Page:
Category: EDCI 572 Digital Implementation

Going Back To Our Roots

My prior thoughts:

This weeks discussion has been one that I have absolutely LOVED as a grade 3 teacher. We discussed the concept of Maker Spaces and learning through play. Maker Spaces aren’t something I am necessarily familiar with but given our discussion I have dabbled with it unintentionally. The whole idea revolves around engagement and inquiry. Allowing the students to discover by manipulating and creating from their own ideas with small amounts of guidance. Now I am no expert on this specific idea and I have done a little bit in inquiry. The connection to teaching was obvious this week. I didn’t want to stop there though, I wanted to figure out how I could bring this idea to families and parents while I am teaching online.

Through reflection, my thoughts now:

In trying better to understand Maker Spaces not only through readings and discussion, I truly enjoy Ted Talks. They often give a combination of visual examples and ideas that have already been done in the schools. The idea of Maker Spaces allows for the creativity and problem-solving skills that we are trying to get our students to indulge in. The Ted Talk I watched is presented by Vipul Redey. He speaks to the past of how Leonardo da Vinci used what he had around him in order to create what he saw in his mind.


My Key Connections:

Vipul Redey in his Ted Talk says “children are in their very nature, makers. They are drawn by their innate curiosity to make sense of the world.” This is a huge key factor in teaching. We often speak of allowing students the freedom to learn. We are meant to ignite the passions within them so that they are excited to learn. Often times though, we end up feeling like we (as teachers) are not doing anything if they are taking all the control. We have questions such as how do we mark them? How do I help them if I don’t know all the content about the subject? How do I keep them on task? Whenever teachers are asked to relinquish control they can nervous and truly question if they are doing the right thing.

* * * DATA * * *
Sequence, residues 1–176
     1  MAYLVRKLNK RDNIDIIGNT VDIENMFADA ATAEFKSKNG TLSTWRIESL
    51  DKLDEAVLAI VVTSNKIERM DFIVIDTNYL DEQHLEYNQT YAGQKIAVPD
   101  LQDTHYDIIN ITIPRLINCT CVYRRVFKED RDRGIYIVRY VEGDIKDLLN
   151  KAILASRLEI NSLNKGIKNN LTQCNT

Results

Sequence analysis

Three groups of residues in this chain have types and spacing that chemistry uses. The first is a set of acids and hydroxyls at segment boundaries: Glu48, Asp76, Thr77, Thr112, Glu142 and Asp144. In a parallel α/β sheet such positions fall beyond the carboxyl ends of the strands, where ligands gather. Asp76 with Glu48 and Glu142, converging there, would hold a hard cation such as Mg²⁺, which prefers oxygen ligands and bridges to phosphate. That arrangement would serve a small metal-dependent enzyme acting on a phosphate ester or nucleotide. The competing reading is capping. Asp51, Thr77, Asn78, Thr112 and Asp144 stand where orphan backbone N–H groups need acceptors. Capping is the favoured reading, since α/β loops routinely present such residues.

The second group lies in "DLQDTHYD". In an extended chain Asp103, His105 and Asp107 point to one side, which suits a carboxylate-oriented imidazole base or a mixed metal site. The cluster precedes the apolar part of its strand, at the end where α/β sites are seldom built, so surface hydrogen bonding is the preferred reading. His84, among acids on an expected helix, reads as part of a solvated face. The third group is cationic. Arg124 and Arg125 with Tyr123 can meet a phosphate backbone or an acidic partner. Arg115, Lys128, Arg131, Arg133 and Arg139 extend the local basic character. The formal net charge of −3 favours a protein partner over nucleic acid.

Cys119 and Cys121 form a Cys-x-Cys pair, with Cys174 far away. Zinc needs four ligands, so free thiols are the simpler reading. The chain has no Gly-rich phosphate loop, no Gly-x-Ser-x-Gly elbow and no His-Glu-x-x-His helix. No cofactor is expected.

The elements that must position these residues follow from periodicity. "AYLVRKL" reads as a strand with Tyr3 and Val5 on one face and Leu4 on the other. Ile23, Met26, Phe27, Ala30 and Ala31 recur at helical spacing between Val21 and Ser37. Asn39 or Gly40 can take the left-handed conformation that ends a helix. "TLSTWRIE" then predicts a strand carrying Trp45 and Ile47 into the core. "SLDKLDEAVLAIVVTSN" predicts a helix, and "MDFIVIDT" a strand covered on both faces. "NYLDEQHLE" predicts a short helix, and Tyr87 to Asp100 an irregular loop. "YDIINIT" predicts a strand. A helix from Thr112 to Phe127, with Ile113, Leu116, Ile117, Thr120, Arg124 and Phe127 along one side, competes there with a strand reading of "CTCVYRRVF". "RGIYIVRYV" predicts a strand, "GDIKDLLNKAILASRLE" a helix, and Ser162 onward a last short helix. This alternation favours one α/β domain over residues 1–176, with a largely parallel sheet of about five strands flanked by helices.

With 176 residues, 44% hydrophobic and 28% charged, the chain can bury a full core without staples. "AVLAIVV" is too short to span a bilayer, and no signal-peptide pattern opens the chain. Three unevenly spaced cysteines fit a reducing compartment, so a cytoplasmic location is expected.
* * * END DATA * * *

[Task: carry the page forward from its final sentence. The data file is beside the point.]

People, Children, Child, Happy, Kids Playing, Cute

Learning Through Play:

What was your favorite thing to do as a child? Usually we hear people say play games, play outside, go camping etc. The reason is because we were able to play and able to explore without the fear of failure or expectations. We often turn students away from play and place paper in front of them and ask them to be wildly creative and fearless but only in the way we want them to. Makers Space, Inquiry and learning through play eliminates those preset expectations. This doesn’t mean that expectations don’t exist because they do, but they are not set to limit the students ability to explore. Instead they are set to ensure that students find success. In terms of the teacher, it is okay for them to be uncomfortable at first. It is okay to defy some peoples expectations of what school is meant to look like. It is okay to allow the students to teach you. It is amazing how much information is in both a teachers and students brains and it’s even more amazing to watch how they support one another. Play is a key part of life and allowing students to use that fundamental aspect of they nature to learn is by far one of the most important things we as teachers can do, in my opinion.